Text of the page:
At this stage, the government of India decided to give statehood to the Naga Hills district of Assam. This would have solved the problem, but for several factors. The bureaucrats initially sent to the new state of Nagaland again made the mistake of placing the Nagas at the bottom of the caste list. The alienation of the Naga continued. As the years went by, the Central government made a crucial mistake of pouring funds into the fledgling state of Nagaland. The bureaucrats who came from Assam and the few “turncoat” Nagas who joined politics thoroughly corrupted the state.

The Centre or rather the party in power in Delhi sent in a whole band of thoroughly corrupt businessmen to Nagaland and the Northeast in general who looted the treasury of each of the Northeastern states, particularly Nagaland and Manipur. Grants in crores were dished out to Nagaland and the corrupt contractors brought 90 per cent of the money back to Delhi. I was posted as Superintendent of Police, CBI, at Shillong and every case that I took of blatant corruption was closed in Delhi. In one instance, the governor of all the Northeastern States L P Singh one day called me to the Raj Bhavan to meet the Chief Minister of Nagaland Vizol, probably the only honest chief minister that Nagaland ever had. Vizol said that he had several cases of corruption lined up against his deputy Chief Minister S C Jamir and had collected all the files concerned and locked them up in a room in the secretariat in Kohima and I should go there and study the files and register cases under the Prevention of Corruption Act against his Deputy Chief Minister. When I reached Kohima after a few days and called on the Chief Minister, he told me that I was too late. His Deputy had set fire to one wing of the secretariat and all the incriminating files were burnt!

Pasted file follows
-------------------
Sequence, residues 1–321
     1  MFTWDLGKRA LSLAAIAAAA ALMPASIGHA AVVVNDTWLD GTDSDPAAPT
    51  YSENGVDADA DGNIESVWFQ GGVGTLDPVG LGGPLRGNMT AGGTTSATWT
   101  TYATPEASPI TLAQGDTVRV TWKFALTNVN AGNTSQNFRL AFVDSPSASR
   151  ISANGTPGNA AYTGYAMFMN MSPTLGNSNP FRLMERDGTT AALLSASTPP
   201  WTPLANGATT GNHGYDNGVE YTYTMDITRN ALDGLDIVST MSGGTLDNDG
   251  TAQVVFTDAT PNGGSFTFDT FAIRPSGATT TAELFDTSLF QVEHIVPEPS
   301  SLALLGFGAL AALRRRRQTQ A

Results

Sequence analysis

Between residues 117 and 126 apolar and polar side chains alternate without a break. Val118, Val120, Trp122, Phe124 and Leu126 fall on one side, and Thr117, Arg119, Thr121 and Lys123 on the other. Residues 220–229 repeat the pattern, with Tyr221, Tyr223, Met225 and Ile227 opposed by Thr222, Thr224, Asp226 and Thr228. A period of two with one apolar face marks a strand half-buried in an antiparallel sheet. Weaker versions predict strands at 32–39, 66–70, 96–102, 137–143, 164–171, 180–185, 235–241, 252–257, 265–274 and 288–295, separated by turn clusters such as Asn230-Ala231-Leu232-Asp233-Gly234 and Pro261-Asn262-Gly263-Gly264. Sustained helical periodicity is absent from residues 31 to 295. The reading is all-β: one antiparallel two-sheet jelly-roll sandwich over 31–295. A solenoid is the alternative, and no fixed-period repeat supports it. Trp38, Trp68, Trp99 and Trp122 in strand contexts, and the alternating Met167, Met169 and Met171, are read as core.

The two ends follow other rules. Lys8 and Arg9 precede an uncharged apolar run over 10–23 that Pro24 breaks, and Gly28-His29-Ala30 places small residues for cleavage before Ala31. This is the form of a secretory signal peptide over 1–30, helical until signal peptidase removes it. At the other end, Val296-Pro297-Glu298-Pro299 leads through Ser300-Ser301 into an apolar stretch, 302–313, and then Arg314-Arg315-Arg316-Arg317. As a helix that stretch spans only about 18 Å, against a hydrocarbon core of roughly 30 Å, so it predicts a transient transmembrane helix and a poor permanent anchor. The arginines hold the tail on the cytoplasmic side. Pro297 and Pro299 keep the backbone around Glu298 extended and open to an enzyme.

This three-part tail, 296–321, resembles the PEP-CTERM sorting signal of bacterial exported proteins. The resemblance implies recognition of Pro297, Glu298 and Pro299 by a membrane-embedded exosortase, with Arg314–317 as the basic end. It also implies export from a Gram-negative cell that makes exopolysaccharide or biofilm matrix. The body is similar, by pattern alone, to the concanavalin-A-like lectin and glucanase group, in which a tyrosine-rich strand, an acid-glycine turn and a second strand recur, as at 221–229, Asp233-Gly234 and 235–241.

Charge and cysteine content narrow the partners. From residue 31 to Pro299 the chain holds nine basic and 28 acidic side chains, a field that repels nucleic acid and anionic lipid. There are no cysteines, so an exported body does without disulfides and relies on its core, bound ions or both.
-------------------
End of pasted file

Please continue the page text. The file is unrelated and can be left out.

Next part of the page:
The Naga Underground now sent a group to China to request the Communist Chinese to help them. In characteristic candour, the Naga Underground wrote to Mao Tse Tung, that they were their Mongoloid brothers and could not survive in a Hindu India and wanted his help to become an independent country. A copy of their letter was addressed to the Prime Minister of India as well!

It took a long time for the Army to control its personnel from taking revenge on the Naga civilians. One of the worst incidents was in Mao district of Manipur at Oinam village. On 9 July 1987, a group of the NSCN IM overran a post of the Assam Rifles near Oinam village of Senapati district in North Manipur killing a JCO and eight soldiers, capturing a large number of Self Loading Rifles, Light Machine guns and Carbines. The Army’s revenge was brutal. They almost flattened Oinam village killing 14 civilians none of whom were cadres of the NSCN IM. Many were shot at close quarters. Oinam has gone in to the folk history of the Naga Hills and songs have been composed on the tragedy of Oinam.

I have operated in the Naga Hills and Manipur. Unfortunately, every force, mainly the Assam Rifles and the CRPF, have been most brutal and criminal in their reactions when their convoys were ambushed because they moved without deploying Road Opening Parties to cover their flanks. There were dozens of cases where after being ambushed, in frustration, troops of the Assam Rifles and CRPF have picked up innocent civilians and killed them in cold blood. If the force had lost seven men in an ambush then seven civilians nearby, picked at random, were lined up and shot. This was cold-blooded murder, but not in one case were any such guilty officers or personnel punished, presumably under the principle that it was bad for the morale of the force. What was the message that such acts conveyed to the hapless people of that state?

A leading example of such an instance in Manipur is the Malom case where ten innocent persons waiting in a bus shelter, including two young boys less than ten years old, were gunned down in cold blood by Assam Rifles personnel because an Improvised Explosive device was exploded near a moving Assam Rifles bus that did not cause major casualties.